The terrace sits on the hill above one of the city’s oldest Baroque churches and overlooks central Lisbon, the castle, and the river.
The church sits lower down on the same hill as the Miraduoro.
It was built in 1582 on the same spot as the old battlefield church monuments where Portuguese and European crusaders were buried.
Campo de Santa Clara is a square surrounded by beautiful architecture – including two churches.
Every Tuesday and Saturday there is a famous pop-up flea market called Feira da Ladra, or “Thief’s Market.”
If you’ve been walking for a while, you can take a breather in the small garden in the middle.
The National Pantheon is a beautiful example of Baroque architecture.
It was inspired by Italian Renaissance design, which can be seen in the colorful marble and flowing shape of the walls.
The central nave has access to multiple tomb rooms where important national figures are honored, such as explorer Vasco de Gama and Fado legend Amelia Rodriguez.
Many writers, artists, former presidents, and military figures are also at rest here.
We also suggest making your way up to the terrace, from which there is yet another breathtaking view of Lisbon.
Here’s a short video of how wonderful the interior is.
The mural of Amália Rodrigues is one of the most well-known pieces of street art in Lisbon.
Known as the Queen of Fado, Amália Rodrigues was a Portuguese actress and singer who helped popularise fado all over the world.
It is a mosaic that wraps up onto a wall, blending into the cobbled street immediately below it.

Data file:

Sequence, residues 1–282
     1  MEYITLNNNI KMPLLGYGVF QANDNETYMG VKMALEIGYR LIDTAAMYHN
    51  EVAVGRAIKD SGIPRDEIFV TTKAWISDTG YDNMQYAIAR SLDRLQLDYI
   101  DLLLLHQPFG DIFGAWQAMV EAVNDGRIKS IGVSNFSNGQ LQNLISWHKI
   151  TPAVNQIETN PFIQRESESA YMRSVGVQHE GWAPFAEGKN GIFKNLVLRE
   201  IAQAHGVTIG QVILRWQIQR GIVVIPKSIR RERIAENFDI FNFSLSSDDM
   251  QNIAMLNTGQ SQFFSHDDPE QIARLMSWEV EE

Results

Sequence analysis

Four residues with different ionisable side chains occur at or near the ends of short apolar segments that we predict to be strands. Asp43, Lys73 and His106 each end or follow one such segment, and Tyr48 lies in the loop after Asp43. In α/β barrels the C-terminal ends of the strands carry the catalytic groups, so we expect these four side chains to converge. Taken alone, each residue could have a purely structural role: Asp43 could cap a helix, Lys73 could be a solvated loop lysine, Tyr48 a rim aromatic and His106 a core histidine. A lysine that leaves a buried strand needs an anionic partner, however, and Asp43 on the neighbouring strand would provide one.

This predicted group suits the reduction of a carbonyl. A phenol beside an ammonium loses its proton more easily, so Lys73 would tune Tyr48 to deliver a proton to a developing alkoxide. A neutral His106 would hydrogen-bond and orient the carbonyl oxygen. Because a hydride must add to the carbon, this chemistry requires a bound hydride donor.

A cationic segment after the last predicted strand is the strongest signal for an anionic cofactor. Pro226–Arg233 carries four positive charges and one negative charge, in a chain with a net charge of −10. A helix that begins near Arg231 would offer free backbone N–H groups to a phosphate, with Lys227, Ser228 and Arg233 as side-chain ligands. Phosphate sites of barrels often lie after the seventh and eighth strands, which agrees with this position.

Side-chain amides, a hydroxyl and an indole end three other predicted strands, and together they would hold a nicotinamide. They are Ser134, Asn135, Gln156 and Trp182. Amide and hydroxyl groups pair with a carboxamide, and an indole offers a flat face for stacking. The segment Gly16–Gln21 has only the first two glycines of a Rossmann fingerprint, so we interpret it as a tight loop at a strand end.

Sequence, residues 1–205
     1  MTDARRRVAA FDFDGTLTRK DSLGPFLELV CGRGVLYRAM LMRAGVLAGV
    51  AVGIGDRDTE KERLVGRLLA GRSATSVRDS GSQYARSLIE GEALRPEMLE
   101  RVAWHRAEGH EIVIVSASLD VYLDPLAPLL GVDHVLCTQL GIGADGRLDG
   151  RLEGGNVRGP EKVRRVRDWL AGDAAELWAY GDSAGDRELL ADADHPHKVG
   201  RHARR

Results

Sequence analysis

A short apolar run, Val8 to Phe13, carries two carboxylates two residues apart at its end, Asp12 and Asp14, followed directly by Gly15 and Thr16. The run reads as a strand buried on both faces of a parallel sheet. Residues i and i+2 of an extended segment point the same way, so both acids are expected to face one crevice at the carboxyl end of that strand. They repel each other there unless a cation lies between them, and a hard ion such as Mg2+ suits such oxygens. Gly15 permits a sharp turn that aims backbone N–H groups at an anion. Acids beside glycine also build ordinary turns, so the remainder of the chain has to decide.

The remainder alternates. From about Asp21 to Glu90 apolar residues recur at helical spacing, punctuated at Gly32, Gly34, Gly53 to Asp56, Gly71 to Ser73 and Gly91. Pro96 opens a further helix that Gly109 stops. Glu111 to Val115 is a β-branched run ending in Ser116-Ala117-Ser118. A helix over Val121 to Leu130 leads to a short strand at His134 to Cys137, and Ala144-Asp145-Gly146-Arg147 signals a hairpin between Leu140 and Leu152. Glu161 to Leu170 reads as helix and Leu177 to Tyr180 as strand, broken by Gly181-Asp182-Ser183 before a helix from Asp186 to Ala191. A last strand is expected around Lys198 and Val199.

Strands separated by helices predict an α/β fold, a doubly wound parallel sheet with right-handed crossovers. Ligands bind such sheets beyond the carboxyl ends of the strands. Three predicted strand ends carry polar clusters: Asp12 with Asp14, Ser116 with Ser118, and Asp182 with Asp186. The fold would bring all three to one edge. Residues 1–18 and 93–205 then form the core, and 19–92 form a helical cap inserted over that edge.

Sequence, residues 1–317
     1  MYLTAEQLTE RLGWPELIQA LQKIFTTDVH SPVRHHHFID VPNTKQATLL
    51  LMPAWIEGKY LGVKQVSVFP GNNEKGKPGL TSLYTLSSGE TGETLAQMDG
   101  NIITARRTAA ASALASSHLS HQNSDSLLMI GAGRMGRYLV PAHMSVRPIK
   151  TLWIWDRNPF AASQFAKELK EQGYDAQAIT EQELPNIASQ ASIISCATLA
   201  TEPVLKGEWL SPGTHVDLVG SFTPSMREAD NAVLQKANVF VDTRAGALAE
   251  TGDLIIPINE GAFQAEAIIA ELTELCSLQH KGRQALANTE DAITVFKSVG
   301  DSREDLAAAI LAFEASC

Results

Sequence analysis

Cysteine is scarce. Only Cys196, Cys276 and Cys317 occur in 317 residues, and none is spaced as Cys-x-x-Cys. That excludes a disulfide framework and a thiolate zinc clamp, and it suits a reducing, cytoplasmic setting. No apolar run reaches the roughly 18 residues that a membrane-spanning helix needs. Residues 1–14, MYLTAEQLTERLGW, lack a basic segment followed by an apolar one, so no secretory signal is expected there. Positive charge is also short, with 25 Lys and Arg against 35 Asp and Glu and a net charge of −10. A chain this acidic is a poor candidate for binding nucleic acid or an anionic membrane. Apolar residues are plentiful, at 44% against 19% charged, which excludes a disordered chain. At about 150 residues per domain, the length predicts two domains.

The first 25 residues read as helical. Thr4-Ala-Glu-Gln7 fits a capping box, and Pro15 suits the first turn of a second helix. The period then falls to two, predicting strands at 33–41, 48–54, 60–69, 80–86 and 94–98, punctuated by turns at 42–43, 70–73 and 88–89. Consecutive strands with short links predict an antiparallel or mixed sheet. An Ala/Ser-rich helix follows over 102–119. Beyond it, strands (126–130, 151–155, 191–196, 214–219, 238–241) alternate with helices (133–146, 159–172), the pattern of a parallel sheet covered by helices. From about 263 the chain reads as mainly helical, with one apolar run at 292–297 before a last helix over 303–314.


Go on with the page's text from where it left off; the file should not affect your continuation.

Thanks to the way the mosaic pieces are laid, if you manage to see it in the rain, Amália looks like she is crying.
If you look closely, there are other murals of the singer around Lisbon.
This museum of decorative arts showcases the luxurious style of 17th- and 18th-century Portuguese interior design and art.
The 17th-century palace is full of breathtaking color and design. You’ll find preserved furniture, china and table settings, framed artwork and paintings, and other design staples.
There are even a few carriages, tapestries, and furniture from other places around the world.
Note that large backpacks and bags aren’t allowed inside. We have a full post on where you can store your luggage while sightseeing here.
Alfama, situated on a hill and is full of prime lookout points over the city.
Miraduoro das Portas do Sol is one of them that has a beautiful view of red rooftops and the Tagus River.
On a clear day, you’ll be able to easily see the hills and mountains on the other side of the water.
As you stand on the terrace, the São Vicente of Fora Monastery is visible as well.
If you haven’t had enough of impressive city views, Miraduoro de Santa Luzia is another terrace from which you can observe the beautiful architecture of Alfama as it slopes down toward the Tagus River.